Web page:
PP: We participated in a panel at Fantoche festival. We were supporting Michelle & Uri Kranot in The Hangman at Home VR Annecy presentation but we haven't been watching the Annecy films; we missed that.

VK: Was it because you didn't have time or the conditions were not optimal for you?

PP: Both really. Working and doing some teaching, didn’t leave much space during the day to watch short film programs. Also for me, the magic of the festival is gone without its people, to be honest. Going to the cinemas really made the festivals for me. So, it made it less attractive to watch the films online; working and at the same time watching films.

VK: If a festival tells you we are giving you an option: either a screening fee of 100 EUR for an exclusively online screening or a theatrical screening without a screening fee. Which one would you prefer?

PP: It's a hard question.

RP: I'd rather have no screening fee and go to the cinema. It's a different experience. I'd rather have people see it in the right way instead of getting a little bit of money, and then people watch the film as they would normally do with all other YouTube stuff.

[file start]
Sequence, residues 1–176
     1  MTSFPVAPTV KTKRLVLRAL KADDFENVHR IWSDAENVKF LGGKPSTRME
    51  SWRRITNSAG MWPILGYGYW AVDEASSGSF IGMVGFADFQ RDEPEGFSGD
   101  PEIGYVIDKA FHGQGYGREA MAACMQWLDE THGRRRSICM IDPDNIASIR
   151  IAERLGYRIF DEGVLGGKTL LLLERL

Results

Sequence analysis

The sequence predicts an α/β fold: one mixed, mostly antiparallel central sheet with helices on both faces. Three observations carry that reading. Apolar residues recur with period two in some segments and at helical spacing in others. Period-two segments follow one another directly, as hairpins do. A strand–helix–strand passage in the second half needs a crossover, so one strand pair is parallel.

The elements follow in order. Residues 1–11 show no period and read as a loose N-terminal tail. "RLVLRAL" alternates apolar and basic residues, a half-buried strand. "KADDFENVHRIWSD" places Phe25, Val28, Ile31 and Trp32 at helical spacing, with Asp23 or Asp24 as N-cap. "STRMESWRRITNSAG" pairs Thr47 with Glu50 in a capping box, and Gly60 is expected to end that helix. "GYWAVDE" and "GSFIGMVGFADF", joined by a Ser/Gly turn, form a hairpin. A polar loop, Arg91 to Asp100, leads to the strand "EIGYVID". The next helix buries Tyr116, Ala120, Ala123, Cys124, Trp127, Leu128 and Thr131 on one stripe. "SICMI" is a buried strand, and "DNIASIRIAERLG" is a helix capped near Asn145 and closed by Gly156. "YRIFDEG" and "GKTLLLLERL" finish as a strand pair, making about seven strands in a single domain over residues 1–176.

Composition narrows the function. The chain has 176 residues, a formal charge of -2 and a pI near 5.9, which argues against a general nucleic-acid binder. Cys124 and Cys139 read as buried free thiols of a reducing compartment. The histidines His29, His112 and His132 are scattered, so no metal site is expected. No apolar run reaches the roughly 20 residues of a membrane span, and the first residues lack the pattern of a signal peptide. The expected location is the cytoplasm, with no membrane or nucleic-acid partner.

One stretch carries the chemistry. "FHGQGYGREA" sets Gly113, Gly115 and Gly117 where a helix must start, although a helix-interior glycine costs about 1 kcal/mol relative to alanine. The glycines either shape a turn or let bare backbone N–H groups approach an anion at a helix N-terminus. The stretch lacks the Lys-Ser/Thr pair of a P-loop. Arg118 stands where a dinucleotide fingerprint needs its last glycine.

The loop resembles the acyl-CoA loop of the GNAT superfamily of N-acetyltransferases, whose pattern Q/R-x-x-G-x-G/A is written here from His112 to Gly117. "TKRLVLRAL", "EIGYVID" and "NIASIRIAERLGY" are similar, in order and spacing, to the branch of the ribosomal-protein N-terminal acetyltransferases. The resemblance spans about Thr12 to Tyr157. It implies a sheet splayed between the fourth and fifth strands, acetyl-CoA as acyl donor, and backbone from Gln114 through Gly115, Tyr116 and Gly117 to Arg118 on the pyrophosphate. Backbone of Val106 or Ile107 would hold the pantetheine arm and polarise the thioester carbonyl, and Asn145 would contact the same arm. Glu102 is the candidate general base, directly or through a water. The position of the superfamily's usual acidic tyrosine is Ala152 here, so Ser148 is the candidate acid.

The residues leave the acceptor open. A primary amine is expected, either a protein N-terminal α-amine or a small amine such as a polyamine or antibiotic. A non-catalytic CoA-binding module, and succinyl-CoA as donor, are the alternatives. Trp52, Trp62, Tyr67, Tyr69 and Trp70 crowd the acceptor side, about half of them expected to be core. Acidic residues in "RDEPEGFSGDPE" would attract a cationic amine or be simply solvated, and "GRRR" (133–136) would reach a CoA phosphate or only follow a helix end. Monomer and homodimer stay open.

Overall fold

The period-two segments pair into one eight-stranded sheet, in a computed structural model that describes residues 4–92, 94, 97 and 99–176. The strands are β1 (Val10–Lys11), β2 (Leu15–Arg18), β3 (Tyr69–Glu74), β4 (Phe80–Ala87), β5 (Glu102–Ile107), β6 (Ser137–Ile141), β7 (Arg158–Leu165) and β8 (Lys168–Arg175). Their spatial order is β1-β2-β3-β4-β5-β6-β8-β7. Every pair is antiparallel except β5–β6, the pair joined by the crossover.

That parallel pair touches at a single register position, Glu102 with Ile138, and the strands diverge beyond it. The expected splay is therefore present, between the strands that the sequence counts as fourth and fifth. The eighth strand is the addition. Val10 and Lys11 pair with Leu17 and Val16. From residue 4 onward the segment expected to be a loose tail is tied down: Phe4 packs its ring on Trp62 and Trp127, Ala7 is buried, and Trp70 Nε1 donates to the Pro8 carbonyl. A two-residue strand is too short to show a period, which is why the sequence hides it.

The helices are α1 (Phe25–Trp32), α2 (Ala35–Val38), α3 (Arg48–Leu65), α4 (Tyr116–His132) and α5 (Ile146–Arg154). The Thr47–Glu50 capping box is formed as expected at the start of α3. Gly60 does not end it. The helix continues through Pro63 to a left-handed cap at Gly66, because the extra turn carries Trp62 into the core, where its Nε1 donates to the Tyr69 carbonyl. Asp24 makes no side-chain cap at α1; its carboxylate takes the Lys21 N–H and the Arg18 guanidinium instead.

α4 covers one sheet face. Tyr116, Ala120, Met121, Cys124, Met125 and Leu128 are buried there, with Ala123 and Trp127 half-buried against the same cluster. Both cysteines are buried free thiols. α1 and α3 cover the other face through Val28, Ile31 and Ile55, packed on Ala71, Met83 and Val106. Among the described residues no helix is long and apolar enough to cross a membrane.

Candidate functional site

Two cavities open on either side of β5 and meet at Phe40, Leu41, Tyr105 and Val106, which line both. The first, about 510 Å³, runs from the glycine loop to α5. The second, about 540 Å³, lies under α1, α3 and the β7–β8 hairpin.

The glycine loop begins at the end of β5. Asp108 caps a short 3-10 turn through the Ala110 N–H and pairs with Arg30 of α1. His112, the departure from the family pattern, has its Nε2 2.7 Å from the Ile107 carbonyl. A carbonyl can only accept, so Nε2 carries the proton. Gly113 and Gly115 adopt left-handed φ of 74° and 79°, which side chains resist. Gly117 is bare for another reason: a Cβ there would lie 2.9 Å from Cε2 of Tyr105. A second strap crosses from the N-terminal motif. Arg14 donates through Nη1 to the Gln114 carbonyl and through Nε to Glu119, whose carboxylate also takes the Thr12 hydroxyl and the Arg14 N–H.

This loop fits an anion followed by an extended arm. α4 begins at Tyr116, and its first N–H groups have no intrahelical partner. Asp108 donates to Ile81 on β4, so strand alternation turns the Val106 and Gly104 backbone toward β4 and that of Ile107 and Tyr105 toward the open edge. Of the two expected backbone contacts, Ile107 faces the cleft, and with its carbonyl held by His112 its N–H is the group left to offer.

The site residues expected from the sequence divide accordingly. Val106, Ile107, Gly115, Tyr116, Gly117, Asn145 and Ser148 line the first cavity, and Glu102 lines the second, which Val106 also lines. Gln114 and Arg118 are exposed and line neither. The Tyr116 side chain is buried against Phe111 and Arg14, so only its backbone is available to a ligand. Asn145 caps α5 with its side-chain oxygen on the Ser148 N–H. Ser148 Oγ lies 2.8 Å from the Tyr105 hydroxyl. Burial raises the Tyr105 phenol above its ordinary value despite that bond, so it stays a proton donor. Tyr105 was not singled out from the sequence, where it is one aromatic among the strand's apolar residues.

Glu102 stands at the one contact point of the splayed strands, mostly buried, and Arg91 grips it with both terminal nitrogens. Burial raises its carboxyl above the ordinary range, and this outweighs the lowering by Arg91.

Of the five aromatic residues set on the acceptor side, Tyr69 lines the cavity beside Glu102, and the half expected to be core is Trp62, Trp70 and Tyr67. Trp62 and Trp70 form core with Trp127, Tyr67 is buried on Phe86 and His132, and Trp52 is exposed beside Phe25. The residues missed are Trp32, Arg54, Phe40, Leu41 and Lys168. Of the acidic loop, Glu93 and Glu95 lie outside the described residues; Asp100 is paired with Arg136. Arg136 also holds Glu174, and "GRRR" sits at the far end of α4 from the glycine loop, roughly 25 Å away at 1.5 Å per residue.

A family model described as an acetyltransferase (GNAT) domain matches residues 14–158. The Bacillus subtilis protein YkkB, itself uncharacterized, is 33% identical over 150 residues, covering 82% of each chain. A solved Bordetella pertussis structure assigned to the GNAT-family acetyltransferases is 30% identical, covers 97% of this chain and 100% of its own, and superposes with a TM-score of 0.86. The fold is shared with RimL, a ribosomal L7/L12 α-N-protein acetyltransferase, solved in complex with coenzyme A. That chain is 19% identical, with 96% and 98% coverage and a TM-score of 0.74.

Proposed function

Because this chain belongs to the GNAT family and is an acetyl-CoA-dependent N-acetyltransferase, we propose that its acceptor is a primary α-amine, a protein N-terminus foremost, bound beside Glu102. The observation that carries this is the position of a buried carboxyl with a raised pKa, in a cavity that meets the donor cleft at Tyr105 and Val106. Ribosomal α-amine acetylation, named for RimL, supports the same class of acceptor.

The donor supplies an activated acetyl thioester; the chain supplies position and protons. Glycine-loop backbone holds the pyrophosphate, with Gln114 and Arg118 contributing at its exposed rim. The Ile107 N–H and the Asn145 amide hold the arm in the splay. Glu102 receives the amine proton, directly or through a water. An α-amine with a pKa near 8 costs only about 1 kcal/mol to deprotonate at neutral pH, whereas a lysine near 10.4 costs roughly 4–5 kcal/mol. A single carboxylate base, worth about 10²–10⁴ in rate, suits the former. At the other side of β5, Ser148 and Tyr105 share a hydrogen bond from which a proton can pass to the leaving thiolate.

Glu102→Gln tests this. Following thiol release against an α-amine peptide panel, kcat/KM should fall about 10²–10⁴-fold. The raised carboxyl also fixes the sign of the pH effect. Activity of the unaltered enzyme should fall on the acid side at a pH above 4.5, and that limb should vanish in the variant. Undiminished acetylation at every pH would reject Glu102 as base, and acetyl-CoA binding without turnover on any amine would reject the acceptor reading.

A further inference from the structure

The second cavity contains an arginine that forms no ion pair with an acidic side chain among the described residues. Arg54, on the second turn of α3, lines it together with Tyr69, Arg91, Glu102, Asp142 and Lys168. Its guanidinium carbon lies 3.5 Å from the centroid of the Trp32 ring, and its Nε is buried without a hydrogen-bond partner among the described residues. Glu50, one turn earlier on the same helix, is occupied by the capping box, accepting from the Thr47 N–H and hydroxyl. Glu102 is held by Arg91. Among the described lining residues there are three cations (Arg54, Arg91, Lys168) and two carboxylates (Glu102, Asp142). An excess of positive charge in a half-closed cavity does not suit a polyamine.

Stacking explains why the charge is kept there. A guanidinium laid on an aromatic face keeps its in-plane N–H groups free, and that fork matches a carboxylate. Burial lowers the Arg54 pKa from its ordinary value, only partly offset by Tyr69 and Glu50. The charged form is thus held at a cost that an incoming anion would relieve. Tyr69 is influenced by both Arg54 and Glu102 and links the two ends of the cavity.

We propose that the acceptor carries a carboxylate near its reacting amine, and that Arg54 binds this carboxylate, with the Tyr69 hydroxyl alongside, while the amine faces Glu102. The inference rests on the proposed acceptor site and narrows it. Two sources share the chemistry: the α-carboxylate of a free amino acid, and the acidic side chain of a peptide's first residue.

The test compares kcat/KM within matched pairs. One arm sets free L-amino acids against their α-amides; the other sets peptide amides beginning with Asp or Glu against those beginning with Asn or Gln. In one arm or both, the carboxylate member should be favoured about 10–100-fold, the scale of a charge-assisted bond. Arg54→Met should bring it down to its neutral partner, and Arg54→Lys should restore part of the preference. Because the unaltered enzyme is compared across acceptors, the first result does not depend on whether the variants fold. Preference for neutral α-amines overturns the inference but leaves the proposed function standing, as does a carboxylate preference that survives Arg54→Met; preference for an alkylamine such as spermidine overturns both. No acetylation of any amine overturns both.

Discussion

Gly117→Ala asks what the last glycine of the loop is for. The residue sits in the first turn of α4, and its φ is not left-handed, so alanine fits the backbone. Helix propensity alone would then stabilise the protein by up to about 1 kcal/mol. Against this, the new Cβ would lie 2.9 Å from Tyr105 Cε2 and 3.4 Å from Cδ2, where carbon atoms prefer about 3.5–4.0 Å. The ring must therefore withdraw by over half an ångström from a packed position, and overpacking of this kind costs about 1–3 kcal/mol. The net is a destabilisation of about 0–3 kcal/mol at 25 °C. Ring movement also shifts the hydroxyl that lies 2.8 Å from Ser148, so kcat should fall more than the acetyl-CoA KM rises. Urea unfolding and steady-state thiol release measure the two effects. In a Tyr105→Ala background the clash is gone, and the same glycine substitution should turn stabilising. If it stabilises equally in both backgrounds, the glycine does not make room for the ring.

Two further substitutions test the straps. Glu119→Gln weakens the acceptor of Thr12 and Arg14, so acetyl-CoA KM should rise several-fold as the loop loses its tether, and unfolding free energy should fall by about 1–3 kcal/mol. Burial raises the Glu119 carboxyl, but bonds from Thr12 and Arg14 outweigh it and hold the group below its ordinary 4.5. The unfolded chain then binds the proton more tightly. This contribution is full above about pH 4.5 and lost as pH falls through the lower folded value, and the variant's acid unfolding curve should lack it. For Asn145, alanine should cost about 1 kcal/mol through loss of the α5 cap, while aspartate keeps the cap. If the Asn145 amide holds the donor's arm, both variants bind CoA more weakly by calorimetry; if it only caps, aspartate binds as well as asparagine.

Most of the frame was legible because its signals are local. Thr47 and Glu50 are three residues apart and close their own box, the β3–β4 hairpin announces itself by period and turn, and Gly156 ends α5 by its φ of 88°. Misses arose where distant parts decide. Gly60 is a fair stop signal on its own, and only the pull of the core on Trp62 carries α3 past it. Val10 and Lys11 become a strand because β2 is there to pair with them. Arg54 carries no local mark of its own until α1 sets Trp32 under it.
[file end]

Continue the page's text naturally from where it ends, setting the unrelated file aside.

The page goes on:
PP: You're more selective when you watch video from your computer. I'd go through the film's logline; if it doesn't catch me, I'd probably skip the film. And that's a kind of a tragedy. It might happen a lot with other people. Experiencing a film after the other in a particular order influences massively your experience of the festival.

RP: Because you see them as a package.

VK: Would you actually embrace the possibility of submitting your projects to US festivals, which have more funding and screening fees for films? And also be seen by a large audience who would otherwise not be able to see the film?

PP: This is the advantage of going online. But I'd be very curious to know what the actual attendance of online events is.

Watch Reverie by Philip Piaget